Well-Balanced Beam: A gallium arsenide resonator is the heart of NTT's phonon laser.Image: NTT
Notably, an output signal is observed only when the input voltage exceeds a specific figure. This threshold voltage is a signature feature of optical lasers, as is a large improvement in the beam’s frequency precision when phonon lasing is triggered. “So we’re convinced we have phonon lasing,” says Mahboob.
As for how such a laser could be used, he says that the device’s compactness, low energy consumption, and the possibility of high frequency give it the potential to replace the relatively bulky quartz-crystal resonators used to provide stable frequencies for synchronized operations and precise timekeeping in computers and other electronic equipment. Superior medical ultrasound imaging is another possible application, and Mahboob speculates that one day the laser might be used as a medical treatment.
Hiroshi Yamaguchi, an NTT senior distinguished researcher, also points out that by increasing the frequency of the oscillating states, the resonator could potentially be manipulated to store a discrete number of phonons. “This could open up new avenues to explore quantum cryptography and quantum computing,” he says, “as well as having the potential of enabling us to study quantum effects at the macro level.”
But before such speculations can be seriously investigated, the researchers admit they must first overcome a major challenge. Whereas optical lasers can travel through a vacuum, a phonon beam requires a medium. In this research, the sound propagates through the semiconductor crystal, and the researchers are now working out how to handle this limitation.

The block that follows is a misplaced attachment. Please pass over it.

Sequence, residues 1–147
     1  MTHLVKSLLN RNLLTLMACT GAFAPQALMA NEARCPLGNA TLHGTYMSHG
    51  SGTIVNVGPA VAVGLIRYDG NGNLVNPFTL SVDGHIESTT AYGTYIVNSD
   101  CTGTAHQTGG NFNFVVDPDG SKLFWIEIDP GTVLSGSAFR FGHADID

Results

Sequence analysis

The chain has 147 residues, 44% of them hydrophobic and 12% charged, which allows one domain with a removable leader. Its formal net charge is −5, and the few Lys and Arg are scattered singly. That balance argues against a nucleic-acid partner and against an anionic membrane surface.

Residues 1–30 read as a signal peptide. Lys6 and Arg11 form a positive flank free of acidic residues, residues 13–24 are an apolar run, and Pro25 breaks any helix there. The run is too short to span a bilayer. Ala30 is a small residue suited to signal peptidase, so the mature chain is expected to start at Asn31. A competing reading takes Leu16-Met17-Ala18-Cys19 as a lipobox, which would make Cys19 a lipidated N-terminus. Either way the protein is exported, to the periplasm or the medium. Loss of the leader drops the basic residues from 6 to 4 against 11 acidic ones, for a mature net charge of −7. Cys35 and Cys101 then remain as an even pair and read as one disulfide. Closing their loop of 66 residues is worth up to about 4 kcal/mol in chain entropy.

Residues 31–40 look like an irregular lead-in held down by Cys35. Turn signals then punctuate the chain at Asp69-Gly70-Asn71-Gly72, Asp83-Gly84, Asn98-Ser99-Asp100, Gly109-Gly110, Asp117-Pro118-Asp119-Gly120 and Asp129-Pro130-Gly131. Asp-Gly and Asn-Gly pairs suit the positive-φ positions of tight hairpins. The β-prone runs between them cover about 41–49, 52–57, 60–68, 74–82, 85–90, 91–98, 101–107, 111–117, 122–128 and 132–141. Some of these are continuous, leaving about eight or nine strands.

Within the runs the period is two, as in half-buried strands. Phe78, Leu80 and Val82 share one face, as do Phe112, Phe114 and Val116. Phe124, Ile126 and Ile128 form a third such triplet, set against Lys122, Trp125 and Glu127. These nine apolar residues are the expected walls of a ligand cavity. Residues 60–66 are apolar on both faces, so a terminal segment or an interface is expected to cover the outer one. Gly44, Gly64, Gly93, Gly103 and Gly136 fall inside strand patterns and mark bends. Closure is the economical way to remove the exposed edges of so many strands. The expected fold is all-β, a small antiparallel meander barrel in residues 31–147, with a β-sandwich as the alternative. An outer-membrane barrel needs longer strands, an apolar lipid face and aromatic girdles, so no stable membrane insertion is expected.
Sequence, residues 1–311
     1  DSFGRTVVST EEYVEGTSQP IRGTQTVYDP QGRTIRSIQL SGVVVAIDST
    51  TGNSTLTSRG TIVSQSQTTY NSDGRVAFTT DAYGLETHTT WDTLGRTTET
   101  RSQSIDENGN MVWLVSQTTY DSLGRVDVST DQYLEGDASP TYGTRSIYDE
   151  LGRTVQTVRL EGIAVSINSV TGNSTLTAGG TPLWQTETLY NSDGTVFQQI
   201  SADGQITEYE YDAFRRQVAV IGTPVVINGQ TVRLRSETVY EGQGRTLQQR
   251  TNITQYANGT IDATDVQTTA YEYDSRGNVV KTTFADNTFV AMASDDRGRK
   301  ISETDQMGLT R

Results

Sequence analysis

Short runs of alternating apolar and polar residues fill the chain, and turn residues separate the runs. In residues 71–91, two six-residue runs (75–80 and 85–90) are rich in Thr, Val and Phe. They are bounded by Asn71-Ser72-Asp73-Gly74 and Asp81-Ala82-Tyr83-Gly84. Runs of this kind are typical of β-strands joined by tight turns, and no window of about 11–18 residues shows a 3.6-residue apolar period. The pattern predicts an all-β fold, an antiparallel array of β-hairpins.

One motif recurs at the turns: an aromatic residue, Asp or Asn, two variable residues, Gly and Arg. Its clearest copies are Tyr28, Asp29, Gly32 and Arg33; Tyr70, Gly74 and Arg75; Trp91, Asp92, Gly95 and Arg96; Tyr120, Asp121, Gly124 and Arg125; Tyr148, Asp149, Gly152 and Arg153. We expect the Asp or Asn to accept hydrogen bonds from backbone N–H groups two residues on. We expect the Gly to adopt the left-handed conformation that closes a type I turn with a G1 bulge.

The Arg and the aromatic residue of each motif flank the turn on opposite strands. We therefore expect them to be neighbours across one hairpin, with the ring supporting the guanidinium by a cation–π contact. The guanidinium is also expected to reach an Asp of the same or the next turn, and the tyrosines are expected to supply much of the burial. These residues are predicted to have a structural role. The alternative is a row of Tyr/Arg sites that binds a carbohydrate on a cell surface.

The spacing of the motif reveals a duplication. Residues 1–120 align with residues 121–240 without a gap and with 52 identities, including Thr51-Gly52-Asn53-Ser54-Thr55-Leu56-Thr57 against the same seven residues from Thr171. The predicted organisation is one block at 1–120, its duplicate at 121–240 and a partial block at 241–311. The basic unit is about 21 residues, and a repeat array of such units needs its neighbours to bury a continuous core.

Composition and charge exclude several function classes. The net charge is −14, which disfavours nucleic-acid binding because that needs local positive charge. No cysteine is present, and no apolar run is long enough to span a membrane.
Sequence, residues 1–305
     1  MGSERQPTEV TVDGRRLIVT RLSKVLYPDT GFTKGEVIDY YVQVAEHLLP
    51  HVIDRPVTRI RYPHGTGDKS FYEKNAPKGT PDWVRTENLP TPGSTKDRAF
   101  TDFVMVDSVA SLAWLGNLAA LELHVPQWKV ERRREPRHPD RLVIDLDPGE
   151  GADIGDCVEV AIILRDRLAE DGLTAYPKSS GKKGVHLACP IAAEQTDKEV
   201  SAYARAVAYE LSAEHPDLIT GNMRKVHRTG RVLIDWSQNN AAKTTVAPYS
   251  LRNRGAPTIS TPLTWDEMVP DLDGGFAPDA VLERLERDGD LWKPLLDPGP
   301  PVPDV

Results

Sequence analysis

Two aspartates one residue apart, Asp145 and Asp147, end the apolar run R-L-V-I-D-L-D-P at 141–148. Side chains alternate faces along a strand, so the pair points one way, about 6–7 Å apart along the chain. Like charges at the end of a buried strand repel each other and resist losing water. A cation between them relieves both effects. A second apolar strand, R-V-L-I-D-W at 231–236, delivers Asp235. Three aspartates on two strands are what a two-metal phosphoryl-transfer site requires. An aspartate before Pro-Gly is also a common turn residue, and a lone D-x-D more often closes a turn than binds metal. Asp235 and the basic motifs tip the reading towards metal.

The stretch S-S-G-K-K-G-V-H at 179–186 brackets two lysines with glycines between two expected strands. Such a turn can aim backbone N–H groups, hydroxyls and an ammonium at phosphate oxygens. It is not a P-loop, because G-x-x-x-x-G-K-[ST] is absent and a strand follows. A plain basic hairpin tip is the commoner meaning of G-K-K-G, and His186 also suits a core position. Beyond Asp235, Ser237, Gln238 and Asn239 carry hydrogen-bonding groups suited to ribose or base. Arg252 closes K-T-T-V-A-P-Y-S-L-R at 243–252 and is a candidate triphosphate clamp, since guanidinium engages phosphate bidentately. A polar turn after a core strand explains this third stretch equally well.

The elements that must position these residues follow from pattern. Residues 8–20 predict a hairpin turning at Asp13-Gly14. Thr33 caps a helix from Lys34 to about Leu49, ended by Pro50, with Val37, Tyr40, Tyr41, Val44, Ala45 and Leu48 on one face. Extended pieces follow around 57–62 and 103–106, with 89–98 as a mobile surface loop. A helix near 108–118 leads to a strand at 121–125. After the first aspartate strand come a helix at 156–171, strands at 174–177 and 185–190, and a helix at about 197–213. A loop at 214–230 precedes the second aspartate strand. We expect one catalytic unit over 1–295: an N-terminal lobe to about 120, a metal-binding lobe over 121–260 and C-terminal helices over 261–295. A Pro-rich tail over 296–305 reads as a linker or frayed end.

“On the other hand, the technology does have the advantage [in] that it’s a compound semiconductor,” points out Yamaguchi. “So it could, for example, easily be integrated with an optical device and an electrical device all on the same chip and, of course, integrated with a variety of systems. We believe this is a major advantage of our device.”
Other phonon laser researchers have been improving their devices, too. Tony Kent, a professor of physics at the University of Nottingham who is working with semiconductor stack devices to realize sasers, has been working on using them for applications that need frequencies in the hundreds of gigahertz or even terahertz frequencies. “Our main focus is exploring applications for a terahertz saser as a stable, low-noise reference or local oscillator, for use in communications, medical imaging, and security screening, and as a source for acoustic sensors of nano-objects,” he says.
Kent says that while he expects the NTT research to have a major impact on the fundamental science of micromechanical systems, he questions the practicality of some of the applications that are being suggested.
Putting aside the problem of having to work with low temperatures, and the difficulty getting the sound out of the resonator and into the semiconductor crystal, the reported beam device works at a frequency of only around 1 megahertz,” says Kent. “Yet there are already technologies generating acoustic signals for ultrasound measurement available now with frequencies higher than 1 GHz.”
About the Author
John Boyd covers technology in Japan. In April 2013, he reported on the test of new silicon carbide power electronics in the Tokyo subway system.